The Cairo International Film Festival showcases the work of many creative directors and actors. And we were granted the opportunity to interview the women behind ‘The Interview,’ one of the festival’s featured films and nominees. Director Hind Metwalli and actor Sarrah Abdelrahman sat with us to discuss the emotional intended purpose behind their film.
Societal Neglect of Mature Women’s Mental Health
Metwalli and Abdelrahman acknowledge that the new generation marks a change in the acceptance of and care for mental health. Despite this, the women state that the mental health of previous generations of women is still heavily disregarded. Metwalli says that mothers are expected to carry a household without reciprocation of effort and care towards their well-being.
For this reason, Metwalli was motivated to make the short film dedicated to raising awareness of the struggles previous generations of women faced in motherhood and participating in society. By focusing on a daughter forced to push her mental battles aside to care for her mentally ill mother, Metwalli brings attention to the forsaken topic of discussion.
How Metwalli and Abdelrahman Related to and Prepared for the Film
Both women recalled drawing on their own experiences with mental health for their roles in the film. In putting the film together, director Metwalli admitted not needing to reinforce external psychological professionals’ help for direction. Instead, Metwalli had a complete intuition for the film that was dependent on her and her close female friends and family’s battles with mental health.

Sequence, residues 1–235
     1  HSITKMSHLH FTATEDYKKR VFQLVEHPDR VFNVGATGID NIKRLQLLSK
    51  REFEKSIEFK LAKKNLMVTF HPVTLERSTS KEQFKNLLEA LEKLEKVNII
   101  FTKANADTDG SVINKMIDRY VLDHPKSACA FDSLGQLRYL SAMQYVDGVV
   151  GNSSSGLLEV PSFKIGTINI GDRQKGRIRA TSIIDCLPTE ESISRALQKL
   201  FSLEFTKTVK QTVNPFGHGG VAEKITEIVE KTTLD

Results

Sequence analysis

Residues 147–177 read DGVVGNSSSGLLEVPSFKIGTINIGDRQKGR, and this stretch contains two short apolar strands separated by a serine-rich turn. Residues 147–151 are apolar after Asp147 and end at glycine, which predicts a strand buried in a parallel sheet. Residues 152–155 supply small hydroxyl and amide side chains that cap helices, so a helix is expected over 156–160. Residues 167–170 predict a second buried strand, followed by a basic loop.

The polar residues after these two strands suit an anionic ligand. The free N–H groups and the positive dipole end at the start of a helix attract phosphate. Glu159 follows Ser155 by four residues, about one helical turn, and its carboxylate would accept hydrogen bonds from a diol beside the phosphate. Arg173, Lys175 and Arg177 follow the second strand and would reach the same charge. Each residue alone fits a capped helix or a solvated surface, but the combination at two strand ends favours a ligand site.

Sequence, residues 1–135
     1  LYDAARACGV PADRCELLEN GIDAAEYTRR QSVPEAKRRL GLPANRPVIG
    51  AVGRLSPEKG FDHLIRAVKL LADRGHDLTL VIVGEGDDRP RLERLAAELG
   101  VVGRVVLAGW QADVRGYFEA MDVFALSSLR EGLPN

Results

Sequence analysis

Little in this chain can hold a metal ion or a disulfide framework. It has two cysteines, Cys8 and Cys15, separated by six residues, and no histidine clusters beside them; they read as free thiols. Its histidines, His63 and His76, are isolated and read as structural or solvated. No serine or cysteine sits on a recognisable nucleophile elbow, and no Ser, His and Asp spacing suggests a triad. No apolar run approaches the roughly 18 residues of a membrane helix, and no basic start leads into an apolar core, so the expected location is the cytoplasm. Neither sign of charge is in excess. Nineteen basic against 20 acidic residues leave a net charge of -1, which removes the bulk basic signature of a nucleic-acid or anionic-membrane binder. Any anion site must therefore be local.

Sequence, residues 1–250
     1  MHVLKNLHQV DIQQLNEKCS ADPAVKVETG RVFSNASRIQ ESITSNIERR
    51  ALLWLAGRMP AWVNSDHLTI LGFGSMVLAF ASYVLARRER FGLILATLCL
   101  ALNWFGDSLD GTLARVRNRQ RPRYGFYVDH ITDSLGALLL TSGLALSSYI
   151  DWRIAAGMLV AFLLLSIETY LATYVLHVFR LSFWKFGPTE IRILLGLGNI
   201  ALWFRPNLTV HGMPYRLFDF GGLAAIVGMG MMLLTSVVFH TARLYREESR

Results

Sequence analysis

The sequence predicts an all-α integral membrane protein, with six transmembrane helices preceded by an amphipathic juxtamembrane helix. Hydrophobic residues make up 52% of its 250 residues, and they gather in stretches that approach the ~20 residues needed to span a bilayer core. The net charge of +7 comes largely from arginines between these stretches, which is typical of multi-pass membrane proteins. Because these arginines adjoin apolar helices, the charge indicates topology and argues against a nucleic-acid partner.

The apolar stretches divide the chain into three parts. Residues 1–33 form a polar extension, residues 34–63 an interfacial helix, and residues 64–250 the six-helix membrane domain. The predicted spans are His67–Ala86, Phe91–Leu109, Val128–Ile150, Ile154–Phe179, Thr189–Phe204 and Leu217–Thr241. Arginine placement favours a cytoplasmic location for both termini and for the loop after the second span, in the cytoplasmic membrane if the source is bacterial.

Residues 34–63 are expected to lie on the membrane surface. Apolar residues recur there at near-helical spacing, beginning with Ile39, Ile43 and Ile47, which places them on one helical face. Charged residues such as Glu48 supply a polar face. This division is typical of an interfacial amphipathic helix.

Similarly, Abdelrahman stated that her struggles with anxiety and depression drew her to play the leading role of Nadia in the film. She also reflected on the difficulty it took to act out such a mentally defeated character. Both women credited each other and the entire crew for offering a great support system that safely brought the film’s vision to life.
What Comes Next?
While the premiering and nomination of the film at the 44th Cairo International Film Festival aids in disseminating its message to the public, this marks only the first step of many in creating a change. Metwalli and Abdelraham state that to truly help women facing these struggles, society must first acknowledge and accept that there is a mental health issue among these groups of women. Not only will this make the women experiencing these struggles know that they are not alone, but it will encourage the implementation of solutions.
Next, Metwalli and Abdelrahman suggest that society needs to be much more sympathetic, with a simple check-in asking women how they are, making a difference. Not all solutions need to be serious, however. Metwalli shares that, for her upcoming work, she would love to direct a comedy film. To her, comedy is an excellent aid to mental health struggles as it allows the brain to relieve and pause from overworking.